Synaptotagmin-1 is the Ca2+ sensor for fast striatal dopamine release

Abstract

Dopamine powerfully controls neural circuits through neuromodulation. In the vertebrate striatum, dopamine adjusts cellular functions to regulate behaviors across broad time scales, but how the dopamine secretory system is built to support fast and slow neuromodulation is not known. Here, we set out to identify Ca2+-triggering mechanisms for dopamine release. We find that synchronous dopamine secretion is abolished in acute brain slices of conditional knockout mice in which Synaptotagmin-1 is removed from dopamine neurons. This indicates that Synaptotagmin-1 is the Ca2+ sensor for fast dopamine release. Remarkably, dopamine release induced by strong depolarization and asynchronous release during stimulus trains are unaffected by Synaptotagmin-1 knockout. Microdialysis further reveals that these modes and action potential-independent release provide significant amounts of extracellular dopamine in vivo. We propose that the molecular machinery for dopamine secretion has evolved to support fast and slow signaling modes, with fast release requiring the Ca2+ sensor Synaptotagmin-1.

Data availability

All data generated in the study are included in the figures, including individual data points.

Article and author information

Author details

  1. Aditi Banerjee

    Neurobiology, Harvard Medical School, Boston, United States
    Competing interests
    The authors declare that no competing interests exist.
  2. Jinoh Lee

    Department of Neurobiology, Harvard Medical School, Boston, United States
    Competing interests
    The authors declare that no competing interests exist.
  3. Paulina Nemcova

    Department of Neurobiology, Harvard Medical School, Boston, United States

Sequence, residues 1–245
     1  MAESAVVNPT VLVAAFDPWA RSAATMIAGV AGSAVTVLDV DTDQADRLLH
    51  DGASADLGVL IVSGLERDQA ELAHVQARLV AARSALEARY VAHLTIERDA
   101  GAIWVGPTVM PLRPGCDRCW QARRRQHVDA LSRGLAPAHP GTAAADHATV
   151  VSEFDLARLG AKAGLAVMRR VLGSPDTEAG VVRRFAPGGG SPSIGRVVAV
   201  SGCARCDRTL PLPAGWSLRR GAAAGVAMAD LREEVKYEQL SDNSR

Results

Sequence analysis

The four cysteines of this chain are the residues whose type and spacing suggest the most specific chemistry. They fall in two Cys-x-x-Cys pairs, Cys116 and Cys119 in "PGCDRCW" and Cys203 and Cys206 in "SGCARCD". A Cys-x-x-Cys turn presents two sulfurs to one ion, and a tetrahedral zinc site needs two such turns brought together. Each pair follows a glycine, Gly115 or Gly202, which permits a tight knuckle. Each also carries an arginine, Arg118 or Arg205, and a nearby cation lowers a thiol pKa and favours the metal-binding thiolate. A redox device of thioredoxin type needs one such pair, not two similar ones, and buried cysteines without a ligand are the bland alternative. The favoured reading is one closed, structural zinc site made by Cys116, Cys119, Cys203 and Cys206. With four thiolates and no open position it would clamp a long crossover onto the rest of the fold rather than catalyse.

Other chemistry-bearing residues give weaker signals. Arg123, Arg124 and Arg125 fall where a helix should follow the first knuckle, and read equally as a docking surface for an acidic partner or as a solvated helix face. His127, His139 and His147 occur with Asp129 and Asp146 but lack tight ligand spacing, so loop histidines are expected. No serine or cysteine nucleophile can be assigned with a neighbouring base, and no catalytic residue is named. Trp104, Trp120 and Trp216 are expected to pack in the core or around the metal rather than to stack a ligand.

Competing interests
    The authors declare that no competing interests exist.
    ORCID icon "This ORCID iD identifies the author of this article:" 0000-0002-0323-8079
  4. Changliang Liu

    Department of Neurobiology, Harvard Medical School, Boston, United States
    Competing interests
    The authors declare that no competing interests exist.
  5. Pascal S Kaeser

    Department of Neurobiology, Harvard Medical School, Boston, United States
    For correspondence
    kaeser@hms.harvard.edu
    Competing interests
    The authors declare that no competing interests exist.
    ORCID icon "This ORCID iD identifies the author of this article:" 0000-0002-1558-1958

Funding

National Institute of Neurological Disorders and Stroke (R01NS103484)

  • Pascal S Kaeser

Harvard Medical School (Dean's Initiative Award)

  • Pascal S Kaeser

Harvard University (Harvard-MIT Joint research grant)

  • Pascal S Kaeser

Harvard Medical School (Hearst Fellowship)

  • Aditi Banerjee

Harvard Medical School (Brooks Fellowship)

  • Aditi Banerjee

Harvard Medical School (Gordon Fellowship)

  • Changliang Liu

Marshallplan-Jubiläumsstiftung (Exchange Scholarship)

  • Paulina Nemcova

The funders had no role in study design, data collection and interpretation, or the decision to submit the work for publication.

Reviewing Editor

  1. Lu Chen, Stanford University, United States

Ethics

Animal experimentation: All animal experiments were performed according to institutional guidelines of Harvard University, and were in strict accordance with the recommendations in the Guide for the Care and Use of Laboratory Animals of the National Institutes of Health. The animals were handled according to protocols (protocol number IS00000049) approved by the institutional animal care and use committee (IACUC).

Version history

  1. Received: April 28, 2020
  2. Accepted: June 2, 2020
  3. Accepted Manuscript published: June 3, 2020 (version 1)
  4. Version of Record published: June 26, 2020 (version 2)

Copyright

© 2020, Banerjee et al.

This article is distributed under the terms of the Creative Commons Attribution License permitting unrestricted use and redistribution provided that the original author and source are credited.

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  1. Aditi Banerjee
  2. Jinoh Lee
  3. Paulina Nemcova
  4. Changliang Liu
  5. Pascal S Kaeser
(2020)
Synaptotagmin-1 is the Ca2+ sensor for fast striatal dopamine release
eLife 9:e58359.
https://doi.org/10.7554/eLife.58359

Share this article

https://doi.org/10.7554/eLife.58359

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